By Rev. Sarah Campbell

Who would have ever imagined that the 2000-year-old ritual of baptism would become so countercultural? It is no longer an assumed rite of passage for those with Christian ancestors, as more people are choosing a church-less or religion-less life for themselves and their children.

Now, baptism is for those who are really choosing to raise their children on the Jesus path; for those who are choosing to be countercultural, that is, by not following the herd into the individualistic, spiritual-but-not-religious life; for those choosing to look deeper than ever-present, superficial reactivity to Christianity; for those who know in their bones that the Christian right doesn’t capture the truth of this religion that has been at the heart of most social-justice movements in the history of this country, and at the heart of how our beloved ancestors, those who exuded loving kindness, chose to live their lives.

Fortunately, these thoughtful, countercultural, hungry-for-meaning young adults and young parents are searching for churches like Mayflower. Are we seeing the slow beginnings of a revival coming out of Covid, similar to the three other great revivals in our country’s history that likewise arose out of times of great hardship?

We will be baptizing one child, maybe more (let Rev. Bell know if you are interested in baptism for yourself or your child), on the first Sunday in the new year of 2024.

Baptism, this holy ritual, when we hold the child up to the universe and hear God saying (in God’s still small voice): “O child, you are my beloved, in whom I am well pleased.”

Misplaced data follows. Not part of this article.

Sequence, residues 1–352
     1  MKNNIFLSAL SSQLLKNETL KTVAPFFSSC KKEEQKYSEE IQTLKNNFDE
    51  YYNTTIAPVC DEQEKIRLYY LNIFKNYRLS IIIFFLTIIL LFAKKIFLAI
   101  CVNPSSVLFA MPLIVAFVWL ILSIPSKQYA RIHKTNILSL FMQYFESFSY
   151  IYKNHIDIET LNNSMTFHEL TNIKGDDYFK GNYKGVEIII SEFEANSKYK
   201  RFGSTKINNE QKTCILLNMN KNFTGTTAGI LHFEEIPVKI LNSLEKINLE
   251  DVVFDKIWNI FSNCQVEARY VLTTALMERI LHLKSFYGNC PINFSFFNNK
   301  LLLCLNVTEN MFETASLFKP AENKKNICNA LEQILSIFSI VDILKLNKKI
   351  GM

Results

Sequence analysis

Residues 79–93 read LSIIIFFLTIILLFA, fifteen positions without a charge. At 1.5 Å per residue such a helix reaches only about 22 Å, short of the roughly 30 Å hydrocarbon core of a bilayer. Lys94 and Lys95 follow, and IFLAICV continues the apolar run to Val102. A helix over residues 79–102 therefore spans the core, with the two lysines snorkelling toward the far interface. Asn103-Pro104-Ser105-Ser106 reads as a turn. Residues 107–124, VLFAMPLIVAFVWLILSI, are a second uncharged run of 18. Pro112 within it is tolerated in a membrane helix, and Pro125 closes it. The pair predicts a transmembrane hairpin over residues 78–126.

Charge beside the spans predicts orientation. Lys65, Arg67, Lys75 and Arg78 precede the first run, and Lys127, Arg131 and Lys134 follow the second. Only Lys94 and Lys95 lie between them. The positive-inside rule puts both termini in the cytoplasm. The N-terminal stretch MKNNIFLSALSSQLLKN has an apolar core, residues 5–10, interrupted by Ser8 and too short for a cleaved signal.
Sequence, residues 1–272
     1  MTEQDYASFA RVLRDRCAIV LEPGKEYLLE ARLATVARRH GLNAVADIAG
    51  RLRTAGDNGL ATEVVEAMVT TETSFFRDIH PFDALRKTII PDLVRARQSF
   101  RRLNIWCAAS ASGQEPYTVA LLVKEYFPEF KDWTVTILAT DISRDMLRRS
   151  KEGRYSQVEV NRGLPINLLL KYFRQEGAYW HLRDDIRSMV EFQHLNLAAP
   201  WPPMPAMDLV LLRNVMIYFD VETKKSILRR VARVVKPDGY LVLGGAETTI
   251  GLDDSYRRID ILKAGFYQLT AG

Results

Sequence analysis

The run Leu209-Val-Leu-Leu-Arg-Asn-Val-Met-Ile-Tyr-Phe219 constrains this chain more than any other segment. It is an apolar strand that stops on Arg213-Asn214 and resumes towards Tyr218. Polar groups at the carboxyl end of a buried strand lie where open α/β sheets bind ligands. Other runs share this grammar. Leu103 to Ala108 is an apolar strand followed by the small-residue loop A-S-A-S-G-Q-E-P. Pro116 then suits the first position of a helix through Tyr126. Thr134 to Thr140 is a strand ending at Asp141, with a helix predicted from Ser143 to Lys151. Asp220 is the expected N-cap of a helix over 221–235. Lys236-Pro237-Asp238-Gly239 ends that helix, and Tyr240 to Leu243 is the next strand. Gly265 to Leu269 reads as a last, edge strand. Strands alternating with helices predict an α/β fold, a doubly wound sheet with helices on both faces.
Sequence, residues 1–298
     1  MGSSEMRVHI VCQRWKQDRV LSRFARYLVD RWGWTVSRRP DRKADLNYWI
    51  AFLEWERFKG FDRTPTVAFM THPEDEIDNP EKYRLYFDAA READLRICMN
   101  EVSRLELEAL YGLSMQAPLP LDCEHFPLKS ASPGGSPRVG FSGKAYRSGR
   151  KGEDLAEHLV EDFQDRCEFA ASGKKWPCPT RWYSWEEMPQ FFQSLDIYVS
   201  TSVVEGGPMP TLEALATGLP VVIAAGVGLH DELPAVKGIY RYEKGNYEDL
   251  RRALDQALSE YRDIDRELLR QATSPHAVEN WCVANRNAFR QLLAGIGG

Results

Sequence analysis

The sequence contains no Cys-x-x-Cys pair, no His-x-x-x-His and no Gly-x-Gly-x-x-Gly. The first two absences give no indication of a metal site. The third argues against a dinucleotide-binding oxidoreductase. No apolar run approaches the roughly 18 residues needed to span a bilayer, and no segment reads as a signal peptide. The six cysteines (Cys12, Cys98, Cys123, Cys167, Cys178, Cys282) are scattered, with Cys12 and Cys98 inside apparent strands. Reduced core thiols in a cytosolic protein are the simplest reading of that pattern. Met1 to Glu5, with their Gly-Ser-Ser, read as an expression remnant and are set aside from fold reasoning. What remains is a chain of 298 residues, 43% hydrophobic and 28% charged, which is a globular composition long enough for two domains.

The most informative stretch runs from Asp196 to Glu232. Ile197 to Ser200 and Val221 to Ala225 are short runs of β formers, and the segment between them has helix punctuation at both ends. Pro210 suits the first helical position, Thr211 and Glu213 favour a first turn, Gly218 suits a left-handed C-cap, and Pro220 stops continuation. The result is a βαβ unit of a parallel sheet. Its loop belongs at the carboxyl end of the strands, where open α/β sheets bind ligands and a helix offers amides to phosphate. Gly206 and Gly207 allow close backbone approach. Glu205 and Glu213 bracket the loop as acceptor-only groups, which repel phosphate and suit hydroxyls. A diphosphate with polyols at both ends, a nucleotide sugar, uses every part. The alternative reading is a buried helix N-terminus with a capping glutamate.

Baptism, this holy ritual, when we all promise to raise this child together on the Jesus path.

Are you finding the promises we all make to this child to be weightier and more compelling than ever? It is an intensely ubuntu promise in this culture of hyper-individualism and increasing loneliness. Did you hear Gene Roehlkepartain’s sermon on Dec. 10th? Find it on our website at “We somehow need to reclaim and live into that vision—that baptismal calling. What if all of us in this faith village were attentive to and really knew the names, gifts, and passions of all the children and teenagers who are connected to this community of faith?”

And the promise is more demanding than ever in this time of climate disruption. What sacrifices are we willing to make, to keep the earth habitable for the next generations? The Earthwise team, plus some former Deacons, are working on a new baptismal vow for our congregation; one about water and the earth and the future generations.

I have a personal practice. I’ve shared this before. (You may wish to create one of your own.) Whenever I’m near a baptismal font, at Mayflower or in another Christian church, I touch the water and then my forehead in the shape of the cross and say to myself, reminding myself of my baptism: “Remember who you are.”

How wonderful are these mysterious and holy sacraments of our faith!!